What choice do I have? It’s better than being lost, I guess. I meekly agreed to the price, relieved that at least we were heading in the right direction. He smiled broadly and we climbed back on the bike. Wait a minute – isn’t one hundred dollars almost one month’s pay for most people here?! Ah well, it’s too late to do anything about it.
An hour later I saw the comforting lights of downtown Linhai. It looked wonderful, like the gates of heaven themselves opening to receive me! My heart started to race, and I was almost crying with relief, so happy to know where I was. We pulled up to the Juntai Hotel and dismounted, then untied my heavy bags from the bike.
There was nobody around – it was about 1:00 AM by this time. I withdrew my wallet and pulled out the hundred dollars I’d promised to give him earlier, so happy to be safely at my destination that I didn’t even care about how badly I’d been ripped off. He took it immediately, then a gleam came to his eye and he looked back at me. “Bu go” he said (not enough, in Chinese), and held out his hand. I stared in disbelief. I’d just given this man a month’s salary and he was asking for more?! My wallet was nearly empty, and I’d just given him all my American currency. I pulled out my phone to call my Chinese friends and try to figure out what to do, but the worthless thing still wasn’t working. My mind scrambled for a solution, and finally I sputtered “Wo… wo meiyou qian!” (I don’t have any money) in my pidgin Chinese.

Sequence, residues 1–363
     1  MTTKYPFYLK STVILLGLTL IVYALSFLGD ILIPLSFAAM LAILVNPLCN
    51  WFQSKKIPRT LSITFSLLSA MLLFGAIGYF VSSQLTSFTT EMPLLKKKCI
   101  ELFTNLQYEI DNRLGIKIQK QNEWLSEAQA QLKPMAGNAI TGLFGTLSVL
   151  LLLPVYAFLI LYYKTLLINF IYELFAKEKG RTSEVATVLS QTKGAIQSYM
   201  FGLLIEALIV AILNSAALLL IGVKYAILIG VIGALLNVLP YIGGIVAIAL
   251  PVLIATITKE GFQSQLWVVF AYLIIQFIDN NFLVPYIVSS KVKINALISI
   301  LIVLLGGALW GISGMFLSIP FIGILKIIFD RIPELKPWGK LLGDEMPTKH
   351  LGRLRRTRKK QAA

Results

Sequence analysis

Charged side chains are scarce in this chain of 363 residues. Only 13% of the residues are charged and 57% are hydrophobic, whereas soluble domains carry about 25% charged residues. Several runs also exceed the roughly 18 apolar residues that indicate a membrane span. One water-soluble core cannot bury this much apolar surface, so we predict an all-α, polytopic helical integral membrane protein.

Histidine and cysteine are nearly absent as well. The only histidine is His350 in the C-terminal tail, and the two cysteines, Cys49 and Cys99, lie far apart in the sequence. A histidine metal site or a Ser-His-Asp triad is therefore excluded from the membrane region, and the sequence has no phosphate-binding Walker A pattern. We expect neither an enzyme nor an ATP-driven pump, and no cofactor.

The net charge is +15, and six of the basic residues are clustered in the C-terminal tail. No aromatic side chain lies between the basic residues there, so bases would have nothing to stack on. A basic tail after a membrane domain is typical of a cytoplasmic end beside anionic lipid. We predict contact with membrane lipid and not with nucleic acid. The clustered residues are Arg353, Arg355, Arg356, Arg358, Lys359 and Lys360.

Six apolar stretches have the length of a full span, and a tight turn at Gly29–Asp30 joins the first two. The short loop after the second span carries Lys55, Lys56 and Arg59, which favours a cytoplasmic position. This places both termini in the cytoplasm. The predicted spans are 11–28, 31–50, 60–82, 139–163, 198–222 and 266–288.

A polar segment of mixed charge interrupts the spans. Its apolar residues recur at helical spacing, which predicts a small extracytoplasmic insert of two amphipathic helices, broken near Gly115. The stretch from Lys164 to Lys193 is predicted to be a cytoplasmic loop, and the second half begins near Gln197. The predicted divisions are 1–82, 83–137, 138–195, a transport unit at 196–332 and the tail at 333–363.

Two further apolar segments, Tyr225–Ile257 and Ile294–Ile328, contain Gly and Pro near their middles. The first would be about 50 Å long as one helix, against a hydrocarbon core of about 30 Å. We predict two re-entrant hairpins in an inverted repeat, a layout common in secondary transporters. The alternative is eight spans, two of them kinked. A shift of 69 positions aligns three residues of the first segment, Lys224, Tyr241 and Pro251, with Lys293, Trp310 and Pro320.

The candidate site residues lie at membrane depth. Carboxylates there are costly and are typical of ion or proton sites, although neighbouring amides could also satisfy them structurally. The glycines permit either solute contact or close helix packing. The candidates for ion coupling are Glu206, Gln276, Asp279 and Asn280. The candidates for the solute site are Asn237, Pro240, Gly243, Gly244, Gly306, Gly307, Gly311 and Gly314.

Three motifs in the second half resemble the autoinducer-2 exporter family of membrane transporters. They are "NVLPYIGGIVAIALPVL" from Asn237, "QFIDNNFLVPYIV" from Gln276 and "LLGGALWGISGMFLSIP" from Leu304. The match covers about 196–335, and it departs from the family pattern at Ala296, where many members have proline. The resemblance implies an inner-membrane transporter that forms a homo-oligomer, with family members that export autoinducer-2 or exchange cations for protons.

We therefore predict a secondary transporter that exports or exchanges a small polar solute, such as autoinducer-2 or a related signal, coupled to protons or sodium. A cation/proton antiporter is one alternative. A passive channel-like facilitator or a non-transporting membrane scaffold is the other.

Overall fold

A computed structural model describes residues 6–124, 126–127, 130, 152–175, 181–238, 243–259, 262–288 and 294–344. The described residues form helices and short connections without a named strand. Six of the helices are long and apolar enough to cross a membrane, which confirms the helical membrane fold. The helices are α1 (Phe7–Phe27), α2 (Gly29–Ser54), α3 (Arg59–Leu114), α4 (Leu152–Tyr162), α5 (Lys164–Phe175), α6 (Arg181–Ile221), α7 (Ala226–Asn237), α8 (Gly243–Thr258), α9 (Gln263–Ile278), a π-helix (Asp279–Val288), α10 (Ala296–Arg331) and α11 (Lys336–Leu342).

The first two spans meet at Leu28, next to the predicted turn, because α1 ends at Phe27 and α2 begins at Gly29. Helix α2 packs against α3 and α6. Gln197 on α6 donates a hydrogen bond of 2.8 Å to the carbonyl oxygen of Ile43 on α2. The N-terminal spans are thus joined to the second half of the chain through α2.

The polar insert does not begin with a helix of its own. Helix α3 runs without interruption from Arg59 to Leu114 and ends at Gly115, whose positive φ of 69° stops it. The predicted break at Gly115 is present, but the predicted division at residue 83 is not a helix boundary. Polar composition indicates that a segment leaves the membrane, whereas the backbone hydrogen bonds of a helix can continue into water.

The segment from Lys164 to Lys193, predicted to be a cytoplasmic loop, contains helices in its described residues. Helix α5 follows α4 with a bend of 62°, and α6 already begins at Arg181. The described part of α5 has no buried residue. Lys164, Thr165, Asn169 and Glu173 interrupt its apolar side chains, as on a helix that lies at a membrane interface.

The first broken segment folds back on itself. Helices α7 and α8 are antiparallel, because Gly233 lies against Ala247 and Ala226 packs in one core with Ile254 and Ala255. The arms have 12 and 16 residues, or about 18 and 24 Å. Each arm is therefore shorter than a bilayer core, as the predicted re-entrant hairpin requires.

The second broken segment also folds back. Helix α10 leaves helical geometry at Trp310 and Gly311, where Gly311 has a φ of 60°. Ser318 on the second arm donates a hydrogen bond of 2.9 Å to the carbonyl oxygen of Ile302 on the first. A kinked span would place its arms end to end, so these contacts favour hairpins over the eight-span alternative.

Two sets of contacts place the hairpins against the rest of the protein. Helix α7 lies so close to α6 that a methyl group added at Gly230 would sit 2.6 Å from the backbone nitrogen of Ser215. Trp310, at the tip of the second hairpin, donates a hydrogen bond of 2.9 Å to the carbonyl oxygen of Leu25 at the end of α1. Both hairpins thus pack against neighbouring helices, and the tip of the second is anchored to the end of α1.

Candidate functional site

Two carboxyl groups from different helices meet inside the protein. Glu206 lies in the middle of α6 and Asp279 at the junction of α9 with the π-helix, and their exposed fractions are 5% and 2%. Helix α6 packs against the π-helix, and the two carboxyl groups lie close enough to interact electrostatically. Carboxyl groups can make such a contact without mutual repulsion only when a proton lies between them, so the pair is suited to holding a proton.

He wasn’t going to have it. He indicated that he wanted five hundred yuan: about seventy dollars in American currency. I didn’t have that much, and even if I had I didn’t think the motorcycle ride was worth that much money! I could barely even justify the hundred dollars I’d given him! We argued for about thirty minutes, and he somehow managed to wring most of the money out of me. He was still arguing for more when a police officer meandered over.
A remarkable change instantly came over the man and he let go of my suitcases, shook my hand, said goodbye to the officer and me with a smile and rode away. I later learned that the man had committed extortion: a fair rate was less than one-third the amount I gave him.
Perplexed by his actions but extremely grateful to be alive and free I checked into the hotel and somehow staggered to my room. I closed the door, and then almost immediately the malfunctioning lump of plastic I’d been carrying around all day rang. Joy, the woman responsible for my welfare in China, had finally managed to get through! She was crying. My heart sank. She calmed down very quickly when she realized I was safe, and we made plans to meet the next day so she could show me around the city.
A feeling of sweet relief coursed through my body as I went to bed, thankful to be safe and almost giddy with happiness. I’d had a brush with utter ruin and had come away from it mostly unscathed, and felt almost totally at peace for the first time that day as I lay in bed, though I was still a little uneasy about how much I’d spent. Just before finally drifting off I comforted myself with the thought Well, it was only money after all. I can always make more.
~S. A. Collins